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Rini Highlights Mixed Findings on Adjuvant Kidney Cancer Data

Gina Columbus @ginacolumbusonc
Published: Wednesday, Jun 28, 2017

Brian Rini, MD

Brian Rini, MD

Findings from the phase III PROTECT trial showed that there was a 31% decrease in the risk of recurrence in patients with locally advanced renal cell carcinoma (RCC) who were treated with pazopanib (Votrient) at 800 mg versus placebo in the adjuvant setting. However, the study did not meet its disease-free survival (DFS) endpoint.

In the trial, 1538 patients with resected, high-grade clear cell RCC were randomized to receive pazopanib or placebo for 1 year. The starting dose of 800 mg, following treatment of 403 patients, was lowered to 600 mg to improve tolerability, and the primary endpoint was changed to DFS with pazopanib at 600 mg (N = 1135).

Results showed that the primary analysis results of the 600-mg dose in the intent-to-treat population were not significant (HR, 0.862; 95% CI, 0.699-1.063; P = 0.165). The secondary endpoint of DFS in the intent-to-treat 800 mg of pazopanib group and overall population demonstrated a 31% and 20% risk reduction, respectively.

These findings add to the questions researchers currently face with adjuvant treatment for patients with kidney cancer, a topic presented by Brian Rini, MD, during the 2017 OncLive® State of the Science Summit on Genitourinary Cancers.

Rini, professor of medicine of Cleveland Clinic, discussed additional adjuvant trials that have perplexed the field, what potential immunotherapy could have in this setting, and other obstacles to tackle in the RCC landscape.

OncLive®: What does adjuvant treatment currently look like for patients with kidney cancer?

Rini: There haven’t been any approved adjuvant therapies in kidney cancer; it’s been a barren field for decades, ever since I have been doing this. Recently, some of the targeted therapies that are approved in advanced disease have been tested in the adjuvant setting. There have been 5 or 6 large trials.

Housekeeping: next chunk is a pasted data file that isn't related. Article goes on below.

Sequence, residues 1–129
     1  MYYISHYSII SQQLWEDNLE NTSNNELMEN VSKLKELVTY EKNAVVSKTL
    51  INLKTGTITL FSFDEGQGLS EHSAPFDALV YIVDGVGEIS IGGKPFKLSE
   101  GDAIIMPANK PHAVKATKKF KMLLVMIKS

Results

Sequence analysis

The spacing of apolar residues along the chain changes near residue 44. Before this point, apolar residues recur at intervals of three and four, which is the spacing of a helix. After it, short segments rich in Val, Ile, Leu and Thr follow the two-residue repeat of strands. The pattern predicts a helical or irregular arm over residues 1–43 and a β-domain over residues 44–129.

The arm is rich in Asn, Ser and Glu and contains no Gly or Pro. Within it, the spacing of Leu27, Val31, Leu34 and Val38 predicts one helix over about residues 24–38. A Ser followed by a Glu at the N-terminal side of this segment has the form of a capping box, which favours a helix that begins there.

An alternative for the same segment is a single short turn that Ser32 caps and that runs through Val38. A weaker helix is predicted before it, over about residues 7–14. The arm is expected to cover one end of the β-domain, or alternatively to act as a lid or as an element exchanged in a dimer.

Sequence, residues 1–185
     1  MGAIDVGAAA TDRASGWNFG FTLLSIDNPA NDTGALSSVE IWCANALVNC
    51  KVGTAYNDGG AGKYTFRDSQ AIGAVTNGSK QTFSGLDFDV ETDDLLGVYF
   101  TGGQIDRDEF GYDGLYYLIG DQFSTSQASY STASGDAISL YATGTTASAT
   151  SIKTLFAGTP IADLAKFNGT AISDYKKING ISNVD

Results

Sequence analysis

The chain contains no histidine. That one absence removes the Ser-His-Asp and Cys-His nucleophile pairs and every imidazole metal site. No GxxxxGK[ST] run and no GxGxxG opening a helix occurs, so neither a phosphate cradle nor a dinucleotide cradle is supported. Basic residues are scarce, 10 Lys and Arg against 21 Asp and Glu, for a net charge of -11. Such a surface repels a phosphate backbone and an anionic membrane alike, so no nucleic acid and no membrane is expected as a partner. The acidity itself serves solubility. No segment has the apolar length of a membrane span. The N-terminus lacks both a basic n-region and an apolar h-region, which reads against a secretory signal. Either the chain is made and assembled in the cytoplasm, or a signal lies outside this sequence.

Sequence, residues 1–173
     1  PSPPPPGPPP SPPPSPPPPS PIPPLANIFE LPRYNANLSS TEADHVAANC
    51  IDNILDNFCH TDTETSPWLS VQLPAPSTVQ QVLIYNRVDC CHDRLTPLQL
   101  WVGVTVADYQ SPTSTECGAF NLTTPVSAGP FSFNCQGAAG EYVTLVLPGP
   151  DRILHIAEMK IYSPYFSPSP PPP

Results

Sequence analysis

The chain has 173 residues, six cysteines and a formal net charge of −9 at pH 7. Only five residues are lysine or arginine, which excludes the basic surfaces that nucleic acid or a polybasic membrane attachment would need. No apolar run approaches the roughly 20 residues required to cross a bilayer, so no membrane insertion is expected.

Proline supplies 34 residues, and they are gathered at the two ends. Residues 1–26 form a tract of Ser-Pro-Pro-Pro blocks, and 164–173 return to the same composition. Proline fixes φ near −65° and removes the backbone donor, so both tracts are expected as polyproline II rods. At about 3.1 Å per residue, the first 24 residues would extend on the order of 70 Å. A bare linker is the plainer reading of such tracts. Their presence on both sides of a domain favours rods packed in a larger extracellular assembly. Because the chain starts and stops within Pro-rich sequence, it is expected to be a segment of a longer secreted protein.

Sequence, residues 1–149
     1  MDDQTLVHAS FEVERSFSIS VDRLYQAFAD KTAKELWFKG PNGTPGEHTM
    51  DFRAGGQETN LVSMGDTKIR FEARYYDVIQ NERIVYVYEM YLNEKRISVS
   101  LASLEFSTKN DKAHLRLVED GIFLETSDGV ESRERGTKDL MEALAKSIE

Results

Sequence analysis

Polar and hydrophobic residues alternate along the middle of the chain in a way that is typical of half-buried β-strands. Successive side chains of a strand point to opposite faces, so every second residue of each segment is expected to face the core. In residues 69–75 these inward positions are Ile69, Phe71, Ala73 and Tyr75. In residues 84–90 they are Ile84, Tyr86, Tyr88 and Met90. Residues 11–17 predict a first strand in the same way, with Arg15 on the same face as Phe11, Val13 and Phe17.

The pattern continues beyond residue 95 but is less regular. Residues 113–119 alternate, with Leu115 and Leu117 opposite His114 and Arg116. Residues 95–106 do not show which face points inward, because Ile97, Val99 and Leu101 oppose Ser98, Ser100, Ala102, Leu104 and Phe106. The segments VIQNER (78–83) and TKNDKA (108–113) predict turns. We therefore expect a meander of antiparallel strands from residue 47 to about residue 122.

Two of them have shown conflicting results, so it has generated a lot of discussion in the field about which 1 is right or wrong, what is going to happen, or what the difference is. Therefore, I talked about those trials and where the field stands and how, possibly, it all could turn again. 

What are the details of these 2 clinical trials with conflicting results?

The first trial to be reported was called ASSURE; it was an ECOG-led trial of a year of sunitinib (Sutent), sorafenib (Nexavar), or placebo in patients with resected high-risk kidney cancer. The results were fairly, flatly negative. It did not show a difference in disease-free or overall survival (OS). There was a fair amount of toxicity issues with getting that kind of therapy in that setting. After that trial came out, which was first reported about a year and a half ago, the whole field thought, “Well, every single trial is going to be negative. Too bad.” 

Then, a trial called S-TRAC came out last fall at the 2016 ESMO Congress, and that was a Pfizer-sponsored trial of sunitinib versus placebo of 1 year in a higher-risk group of patients than ASSURE, with some dosing differences. There were definitely some differences in the trial; it was the same general concept, but not identical. That trial did show a benefit in DFS that was significant, although at a cost of some toxicity to the patients, as you might imagine. 

It has generated a lot of discussion on why 1 trial was positive and 1 was negative. Even with the positive one, is it really worth it to give to patients? We are really sort of in this tumultuous time in RCC, with trying to figure out what we are supposed to do. The whole field is getting turned on its head. 

What are your thoughts on immunotherapy in the adjuvant setting?

The next wave is these checkpoint inhibitors. There are 4 or 5 trials that I know of, and there is 1 with atezolizumab (Tecentriq) that is actually up and running. There are others with nivolumab (Opdivo) and durvalumab (Imfinzi); any drug you can imagine will be tested in that setting.

It probably makes a lot more sense. It is going to be better tolerated for patients. It probably has the potential to extend OS, which would be ideal and we haven’t done to date—even with S-TRAC. We will have those results in many years but, if we are sitting here in 5 to 10 years, we will be talking about those drugs as standard of care. 

Would there be rationale to explore combination approaches as adjuvant therapy?

  That is a more complicated question. Combinations are being tested in the frontline setting in metastatic disease, which will be a standard of care. In the adjuvant setting, you are treating a lot of people who don’t have cancer; they won’t have recurrent disease. Therefore, the tolerance for toxicity for you as a provider or they as a patient is different.




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